you sure he lived here? There are no books on
magic, no talismans, no charms on the walls,
nothing.”
    Skulduggery shrugged. “Some mages enjoy
living on both sides. The magical community is
secretive, but there are exceptions - those who
work and socialise in the so-called ‘mortal’
world. Mr Light here obviously had a few friends
who didn’t know he was a sorcerer.”
    There were framed photographs on a shelf, of
Light himself and other people. Friends. Loved
ones. From the photos alone it seemed like he’d
had a good life, a life filled with
companionship. Now it was over of course. There
was no Cameron Light any more, just anempty shell
on the carpet.
    Crime scenes, Valkyrie reflected, were rather
depressing places.
    She looked over at Skulduggery as he
sprinkled the powder into the air. It was called
rainbow dust because of the way any residual
traces of magic in an area would change its
colour. This time, however, the powder remained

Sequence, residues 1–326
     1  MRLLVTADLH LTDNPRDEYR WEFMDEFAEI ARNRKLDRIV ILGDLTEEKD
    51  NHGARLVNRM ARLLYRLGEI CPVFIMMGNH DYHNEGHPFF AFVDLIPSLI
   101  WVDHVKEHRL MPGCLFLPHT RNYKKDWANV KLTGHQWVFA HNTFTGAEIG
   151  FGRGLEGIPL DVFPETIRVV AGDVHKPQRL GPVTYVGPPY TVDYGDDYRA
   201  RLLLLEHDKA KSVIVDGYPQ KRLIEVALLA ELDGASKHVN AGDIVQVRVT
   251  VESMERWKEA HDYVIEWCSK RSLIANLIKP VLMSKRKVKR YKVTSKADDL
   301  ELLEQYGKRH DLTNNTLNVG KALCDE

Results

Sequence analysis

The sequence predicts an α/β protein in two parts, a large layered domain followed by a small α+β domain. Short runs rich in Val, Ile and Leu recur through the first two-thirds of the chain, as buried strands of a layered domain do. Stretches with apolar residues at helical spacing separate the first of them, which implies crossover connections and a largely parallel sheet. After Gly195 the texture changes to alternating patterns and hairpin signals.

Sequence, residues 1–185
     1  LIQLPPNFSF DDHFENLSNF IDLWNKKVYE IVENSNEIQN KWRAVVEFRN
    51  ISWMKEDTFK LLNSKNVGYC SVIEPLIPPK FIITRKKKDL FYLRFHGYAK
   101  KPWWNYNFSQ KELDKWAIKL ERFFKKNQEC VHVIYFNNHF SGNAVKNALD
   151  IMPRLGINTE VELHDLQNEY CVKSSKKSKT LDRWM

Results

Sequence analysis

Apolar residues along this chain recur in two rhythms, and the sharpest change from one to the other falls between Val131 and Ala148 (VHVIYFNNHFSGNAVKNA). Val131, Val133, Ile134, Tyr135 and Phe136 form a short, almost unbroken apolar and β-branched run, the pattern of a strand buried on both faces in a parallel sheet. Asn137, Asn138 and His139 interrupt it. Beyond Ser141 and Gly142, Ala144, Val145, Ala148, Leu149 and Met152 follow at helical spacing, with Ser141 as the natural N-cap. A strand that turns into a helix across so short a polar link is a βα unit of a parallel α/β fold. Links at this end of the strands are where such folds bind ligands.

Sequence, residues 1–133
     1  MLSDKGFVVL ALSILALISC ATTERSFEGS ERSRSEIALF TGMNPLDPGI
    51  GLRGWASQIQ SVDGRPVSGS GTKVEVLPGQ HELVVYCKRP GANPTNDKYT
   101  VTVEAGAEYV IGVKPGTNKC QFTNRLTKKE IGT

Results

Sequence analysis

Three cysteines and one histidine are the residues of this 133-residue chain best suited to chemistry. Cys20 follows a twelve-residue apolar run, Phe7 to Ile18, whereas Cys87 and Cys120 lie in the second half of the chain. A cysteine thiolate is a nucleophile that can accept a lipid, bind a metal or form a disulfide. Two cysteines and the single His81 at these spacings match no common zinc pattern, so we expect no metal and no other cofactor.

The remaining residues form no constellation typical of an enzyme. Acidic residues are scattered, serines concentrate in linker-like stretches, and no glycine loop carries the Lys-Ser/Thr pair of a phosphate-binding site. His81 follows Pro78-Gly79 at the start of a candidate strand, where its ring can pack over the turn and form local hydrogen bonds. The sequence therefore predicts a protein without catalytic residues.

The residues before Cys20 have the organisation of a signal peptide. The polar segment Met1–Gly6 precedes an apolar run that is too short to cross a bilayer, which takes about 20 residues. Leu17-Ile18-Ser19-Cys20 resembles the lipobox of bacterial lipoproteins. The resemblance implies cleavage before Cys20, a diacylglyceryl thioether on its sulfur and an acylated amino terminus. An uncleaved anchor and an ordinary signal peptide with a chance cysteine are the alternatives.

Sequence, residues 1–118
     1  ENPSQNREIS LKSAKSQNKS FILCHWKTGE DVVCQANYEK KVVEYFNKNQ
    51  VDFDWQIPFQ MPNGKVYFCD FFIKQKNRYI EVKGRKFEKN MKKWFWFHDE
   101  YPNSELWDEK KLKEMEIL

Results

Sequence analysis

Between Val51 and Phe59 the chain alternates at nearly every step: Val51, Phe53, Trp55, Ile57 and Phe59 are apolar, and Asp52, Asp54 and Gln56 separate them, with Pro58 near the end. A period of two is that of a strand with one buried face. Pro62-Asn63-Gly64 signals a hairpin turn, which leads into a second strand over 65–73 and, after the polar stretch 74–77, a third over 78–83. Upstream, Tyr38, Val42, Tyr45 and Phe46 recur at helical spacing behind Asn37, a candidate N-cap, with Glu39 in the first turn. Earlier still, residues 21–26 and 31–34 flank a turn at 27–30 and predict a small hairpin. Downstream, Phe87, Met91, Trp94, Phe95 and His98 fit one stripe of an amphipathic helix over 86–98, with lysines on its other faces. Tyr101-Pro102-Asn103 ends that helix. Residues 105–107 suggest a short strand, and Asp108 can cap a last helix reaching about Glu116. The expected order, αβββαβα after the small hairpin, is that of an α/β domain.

the same colour as it drifted all the way down to
the floor.
    “Not one trace,” he muttered.
    Although the couch was obscuring her view of
the body, Valkyrie could still see one foot.
Cameron Light had been wearing black shoes and
grey socks with worn elastic. He had a very white
ankle. Valkyrie stepped to the side so the foot
was out of view.
    A bald man with broad shoulders and piercing
blue eyes joined them in the room. “Detective
Crux is nearby,” Mr Bliss said. “If you are
caught at a crime scene...”He didn’t finish. He
didn’t have to.
    “We’re going,” Skulduggery said. He pulled on
his coat and wrapped his scarf around the lower
half of his skull. “We appreciate you calling us
in on this by the way.”
    “Detective Crux is unsuited to an
investigation of this nature,” Bliss responded.